Forbes Magazine’s “30 Under 30” is a collection of do-ers and game-changers in their sphere of influence. Their class of 2018 is, divided into such categories as Hollywood & Entertainment, Art & Style, Energy, and Science, at least at first glance, no different. But their Education list — which features 30 people under the age of 30 who are on a warpath to radically change the way we educate our children — is missing something really important: actual educators.
Not a single person featured on the list teaches in a classroom. According to the Washington Post, the closest the list gets to actual educators is someone who works in administration in the Portland School District. The rest of the people on the list work in disruptive tech and other reformist educational companies. For example, the co-founders of Student Success Agency were honored. SSA is a platform that digitally connects students to “agents” via telephone and Internet to help them prepare for colleges.
Another person on the list, Allyson Dias, is the program manager for the Thiel Fellowship. The Thiel Fellowship funds college dropouts to pursue their business ideas with $100,000 a year and community support. The program is great — it’s funded a lot of incredible ideas, and provides seed money to people who may not want to follow the beaten path a chance to succeed professionally. But it’s not exactly expanding access to education.
Hilary Shirazi, the Senior Manager of Corporate Development at LinkedIn, is also on the list. LinkedIn is a networking website for professionals. Her inclusion on the list was largely because of her work at other companies in the education sphere and because she’s on the board member of the San Francisco Education fund, which gives grants to students and teachers in San Francisco’s school district. She undoubtedly does good work. But, it seems, she’s never spent time in an actual classroom.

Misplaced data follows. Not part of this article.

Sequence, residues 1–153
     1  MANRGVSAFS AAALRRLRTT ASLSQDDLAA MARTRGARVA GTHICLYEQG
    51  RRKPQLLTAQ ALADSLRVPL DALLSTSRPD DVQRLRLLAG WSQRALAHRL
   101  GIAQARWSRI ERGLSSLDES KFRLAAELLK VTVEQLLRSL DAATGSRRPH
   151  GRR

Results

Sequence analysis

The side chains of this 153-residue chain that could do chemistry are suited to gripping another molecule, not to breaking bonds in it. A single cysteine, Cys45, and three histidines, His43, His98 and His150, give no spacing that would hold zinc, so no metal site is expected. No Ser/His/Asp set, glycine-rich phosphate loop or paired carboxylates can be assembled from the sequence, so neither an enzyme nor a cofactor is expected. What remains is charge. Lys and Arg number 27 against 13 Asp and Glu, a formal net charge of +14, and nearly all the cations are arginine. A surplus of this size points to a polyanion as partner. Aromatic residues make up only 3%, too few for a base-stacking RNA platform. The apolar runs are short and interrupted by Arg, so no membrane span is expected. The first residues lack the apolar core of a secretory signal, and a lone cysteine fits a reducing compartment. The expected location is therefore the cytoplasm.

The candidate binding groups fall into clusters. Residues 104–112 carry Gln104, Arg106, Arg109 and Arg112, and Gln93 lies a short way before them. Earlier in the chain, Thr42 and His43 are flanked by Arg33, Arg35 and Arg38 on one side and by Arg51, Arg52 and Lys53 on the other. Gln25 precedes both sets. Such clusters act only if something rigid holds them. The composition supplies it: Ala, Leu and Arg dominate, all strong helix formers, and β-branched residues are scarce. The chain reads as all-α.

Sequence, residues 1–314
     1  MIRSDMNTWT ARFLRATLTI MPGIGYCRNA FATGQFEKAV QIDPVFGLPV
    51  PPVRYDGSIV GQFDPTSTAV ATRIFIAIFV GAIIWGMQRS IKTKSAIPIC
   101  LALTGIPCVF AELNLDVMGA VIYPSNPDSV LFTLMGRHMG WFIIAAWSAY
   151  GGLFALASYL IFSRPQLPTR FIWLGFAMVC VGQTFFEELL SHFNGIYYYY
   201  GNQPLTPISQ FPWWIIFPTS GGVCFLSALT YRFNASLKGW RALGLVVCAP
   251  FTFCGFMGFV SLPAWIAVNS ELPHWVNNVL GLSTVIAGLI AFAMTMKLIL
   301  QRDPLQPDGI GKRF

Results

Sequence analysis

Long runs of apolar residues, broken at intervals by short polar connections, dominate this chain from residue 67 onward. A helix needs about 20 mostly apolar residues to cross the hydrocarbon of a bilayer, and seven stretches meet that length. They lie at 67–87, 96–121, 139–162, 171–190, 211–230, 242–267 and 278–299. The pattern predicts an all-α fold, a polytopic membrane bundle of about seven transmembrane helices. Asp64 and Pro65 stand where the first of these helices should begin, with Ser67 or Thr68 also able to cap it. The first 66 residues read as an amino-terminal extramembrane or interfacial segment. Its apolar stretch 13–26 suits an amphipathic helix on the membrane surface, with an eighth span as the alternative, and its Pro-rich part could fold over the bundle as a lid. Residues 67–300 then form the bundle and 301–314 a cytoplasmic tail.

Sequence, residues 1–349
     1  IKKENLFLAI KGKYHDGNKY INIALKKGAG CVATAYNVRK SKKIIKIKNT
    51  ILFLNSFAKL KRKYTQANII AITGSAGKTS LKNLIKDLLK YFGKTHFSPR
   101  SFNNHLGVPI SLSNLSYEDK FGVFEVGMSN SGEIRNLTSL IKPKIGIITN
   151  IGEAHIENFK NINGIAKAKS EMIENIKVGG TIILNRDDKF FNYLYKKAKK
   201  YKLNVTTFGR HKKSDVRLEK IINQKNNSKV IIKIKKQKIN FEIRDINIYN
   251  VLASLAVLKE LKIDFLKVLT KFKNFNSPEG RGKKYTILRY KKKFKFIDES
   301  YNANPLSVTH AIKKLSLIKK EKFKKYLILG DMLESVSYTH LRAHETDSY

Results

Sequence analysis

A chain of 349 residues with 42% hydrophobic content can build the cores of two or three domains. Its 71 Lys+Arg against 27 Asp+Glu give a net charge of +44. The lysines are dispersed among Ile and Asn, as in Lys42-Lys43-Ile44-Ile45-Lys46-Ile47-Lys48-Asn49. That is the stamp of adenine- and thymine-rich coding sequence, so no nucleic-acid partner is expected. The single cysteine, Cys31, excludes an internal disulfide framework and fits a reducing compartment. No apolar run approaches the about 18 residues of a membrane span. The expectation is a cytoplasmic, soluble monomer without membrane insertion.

Teachers are, after all, the people who spend at least an equal amount of our time with our children as we do. They’re responsible for teaching them the basic skills and building blocks that will help them succeed in lower education. They are also increasingly underpaid, underappreciated, and working longer hours in professional development instead of in front of a classroom or in collaborative environments.
A lot of this has to do with politics — we are investing less and less in education, partly because of Great Recession economic policies. But we haven’t reversed the trend. The people trying to push investment in public education, like the authors of Cradle to Kindergarten who use science and public policy to argue that we need to invest more in early childhood schooling, weren’t honored. Couldn’t there have been a single educator on this list?
None of this is to say that the people featured on this year’s “30 Under 30” in education aren’t important. It’s not even to say that they aren’t changing things in the education world. But the reality of the matter is that increasing access to online platforms and entrepreneurial programs for dropouts isn’t going to fix public education in the United States. Only investment will.